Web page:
Shafiq: Getting more immigrants to run for political office means paving the way for active citizenship

Of interest:

Kristyn Wong-Tam just made history. They became the first Asian-Canadian, queer and non-binary person elected to Ontario’s legislature, significantly expanding the vision of what a politician looks like in this country. 

Wong-Tam joins other recent Canadian political “firsts,” including Bhutila Karpoche, the first elected official in North America of Tibetan descent, and Doly Begum, the first Bangladeshi-Canadian woman to be elected in the country.

These leaders share a similar journey that first began with meaningful participation in civic engagement and community work, increasing political engagement, culminating in the decision to run for elected office.

Why does the political engagement of people like Wong-Tam, Karpoche and Begum matter so much?

Seeing a visibly powerful immigrant woman or non-binary person in an elected, decision-making role in the political arena empowers others to do the same. Emerging research shows that visibility and role modelling increases political participation and results in a stronger democracy from more diversified representation.

Higher engagement from traditionally under-represented groups strengthens our social and political fabric, creating more trust in our institutions. This is particularly important now when our democracy is threatened by the rise of misinformation, low voter turnout and a growing distrust of authorities and institutions.

So how can we support civic engagement for future trailblazers like Wong-Tam? In our recent academic and community-based research on civic participation of immigrants and refugees in Canada at the Journeys to Active Citizenship project, we found that the journey starts first with community involvement.

We found newcomers often become involved in local community-based activities before engaging in formal political activities like voting and running for office.

Unsurprisingly, voter turnout amongst immigrants is higher the longer someone has been in Canada. Elections Canada even acknowledges that language can be a barrier to voting for new Canadians, alongside a lack of knowledge of the election process, less awareness of early voting opportunities and a lack of trust in the Canadian political process. However, once immigrants and refugees overcome settlement challenges, they are more likely to vote.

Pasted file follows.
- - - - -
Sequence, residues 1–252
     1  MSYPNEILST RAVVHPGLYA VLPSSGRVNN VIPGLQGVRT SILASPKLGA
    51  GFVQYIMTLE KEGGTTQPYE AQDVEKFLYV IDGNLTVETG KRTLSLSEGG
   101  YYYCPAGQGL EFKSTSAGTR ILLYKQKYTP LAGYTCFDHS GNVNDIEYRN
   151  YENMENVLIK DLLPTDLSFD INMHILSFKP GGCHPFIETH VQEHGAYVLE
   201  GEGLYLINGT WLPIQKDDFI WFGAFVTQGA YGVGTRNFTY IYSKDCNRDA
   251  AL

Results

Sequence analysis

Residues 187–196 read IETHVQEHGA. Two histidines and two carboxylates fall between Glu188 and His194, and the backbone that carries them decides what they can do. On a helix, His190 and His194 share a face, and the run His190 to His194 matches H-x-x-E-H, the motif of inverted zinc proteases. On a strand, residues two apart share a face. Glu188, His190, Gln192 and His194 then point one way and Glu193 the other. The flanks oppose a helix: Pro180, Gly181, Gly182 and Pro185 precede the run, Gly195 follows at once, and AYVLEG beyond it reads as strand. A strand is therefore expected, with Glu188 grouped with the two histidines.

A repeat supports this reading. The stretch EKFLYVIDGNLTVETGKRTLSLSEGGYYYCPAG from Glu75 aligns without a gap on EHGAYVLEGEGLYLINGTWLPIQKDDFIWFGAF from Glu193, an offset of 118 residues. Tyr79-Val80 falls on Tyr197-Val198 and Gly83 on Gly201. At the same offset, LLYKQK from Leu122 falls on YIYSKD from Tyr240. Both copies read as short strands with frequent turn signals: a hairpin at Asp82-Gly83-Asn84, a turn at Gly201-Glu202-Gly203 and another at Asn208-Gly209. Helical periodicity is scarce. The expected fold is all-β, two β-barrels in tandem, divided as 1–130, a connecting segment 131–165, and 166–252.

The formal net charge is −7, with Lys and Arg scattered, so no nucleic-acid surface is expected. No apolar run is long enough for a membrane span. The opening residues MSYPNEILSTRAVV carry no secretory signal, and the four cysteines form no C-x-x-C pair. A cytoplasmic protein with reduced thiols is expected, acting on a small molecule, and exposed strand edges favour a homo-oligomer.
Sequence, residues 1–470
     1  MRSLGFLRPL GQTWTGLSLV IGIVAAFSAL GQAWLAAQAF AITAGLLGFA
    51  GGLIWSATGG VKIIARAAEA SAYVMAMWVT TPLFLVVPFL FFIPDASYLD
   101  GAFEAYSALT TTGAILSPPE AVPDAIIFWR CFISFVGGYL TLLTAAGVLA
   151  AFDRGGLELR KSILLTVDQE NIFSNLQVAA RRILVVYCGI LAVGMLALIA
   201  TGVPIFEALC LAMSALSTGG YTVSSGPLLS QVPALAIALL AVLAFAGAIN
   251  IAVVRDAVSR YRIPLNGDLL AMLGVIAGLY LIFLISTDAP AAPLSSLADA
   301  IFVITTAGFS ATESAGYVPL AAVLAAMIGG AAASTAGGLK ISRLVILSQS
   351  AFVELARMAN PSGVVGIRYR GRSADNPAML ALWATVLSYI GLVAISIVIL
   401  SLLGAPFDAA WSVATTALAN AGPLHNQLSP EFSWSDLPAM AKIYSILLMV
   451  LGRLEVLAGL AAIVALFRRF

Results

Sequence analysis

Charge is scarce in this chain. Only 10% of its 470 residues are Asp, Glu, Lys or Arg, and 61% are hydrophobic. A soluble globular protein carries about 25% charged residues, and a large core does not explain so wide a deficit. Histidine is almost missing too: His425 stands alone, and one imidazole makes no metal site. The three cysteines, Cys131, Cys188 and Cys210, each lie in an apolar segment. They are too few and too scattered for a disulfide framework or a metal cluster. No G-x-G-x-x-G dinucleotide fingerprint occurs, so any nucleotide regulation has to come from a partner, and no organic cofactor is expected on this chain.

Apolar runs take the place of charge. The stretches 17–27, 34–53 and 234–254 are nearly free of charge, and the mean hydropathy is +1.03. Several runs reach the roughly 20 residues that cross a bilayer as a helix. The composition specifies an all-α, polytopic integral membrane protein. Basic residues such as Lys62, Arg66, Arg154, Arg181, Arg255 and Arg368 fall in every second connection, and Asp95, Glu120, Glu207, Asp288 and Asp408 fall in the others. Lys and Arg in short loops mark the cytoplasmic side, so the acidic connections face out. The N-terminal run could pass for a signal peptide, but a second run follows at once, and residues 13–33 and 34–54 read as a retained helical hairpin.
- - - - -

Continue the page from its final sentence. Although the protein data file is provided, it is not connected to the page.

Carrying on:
Immigrant women in the past have been less likely to participate in formal political processes, however, they are much more likely to participate in informal civic activities, which often act as a critical stepping-stone to formal participation through actions like voting, writing to your elected representative or running for office.

So how can we bolster opportunities for formal and informal civic participation for immigrants, and particularly immigrant women?

Building social networks has been proven to strengthen integration and belonging and is critical to help immigrants establish trust with fellow Canadians. Enabling community engagement is another key piece of the puzzle.

Creating and strengthening civic education and engagement that is tailored to newcomers, particularly women, would be important to build the skills, knowledge, capacity and confidence that would enable newcomers to engage more fully in Canada’s democracy.

In our interviews and group sessions with immigrants and refugees over the last two years, we found three recurring sources of community: religious spaces, community-based organizations and post-secondary institutions. 

Academic literature also tells us that community-based organizations may act as mobilizing agents for civic participation. Delivering programs through these places of community important to newcomers in their early years would be critical for success.

Supporting programs that bolster opportunities for newcomers to engage in a wide range of community initiatives, such as volunteering, participating in local community events, or joining social clubs, will help foster a sense of trust and belonging in our political processes and institutions, and ultimately lead to an increase in formal political participation.

Canada already benefits greatly from the labour of immigrant women — something that has been highlighted throughout the pandemic. It’s time we included their voices, expertise and experiences in the political process. 

Source: Getting more immigrants to run for political office means paving the way for active citizenship

For campaigns looking to turn support into seats in Parliament, not all ‘ethnic communities’ are created equal

Good overview, particularly the comments by Erin Tolley. Looking forward to the October Census release that will allow for updating of riding demographics in terms of ethnicity, visible and religious minorities:

The conventional wisdom around the potential for so-called “ethnic voting blocs” to swing elections is often overstated, but “parties make a big mistake when they perceive of immigrant and racialized voters as a passive voting bloc,” says political science professor Erin Tolley.

“These are groups that are very politically savvy, and they understand their power and they understand the influence that they can have,” said Tolley, the Canada Research Chair in gender, race, and inclusive politics at Carleton University. “And when parties don’t repay that support by listening to their preferences or by acting to advance their interests, they take that power and they put it elsewhere.”

As communities like Italian Canadians, Sikh Canadians, and Tamil Canadians have each become more established in the country, Tolley said they have “flexed their political muscles” in order to get what they wanted from political parties, and to enter the political arena themselves.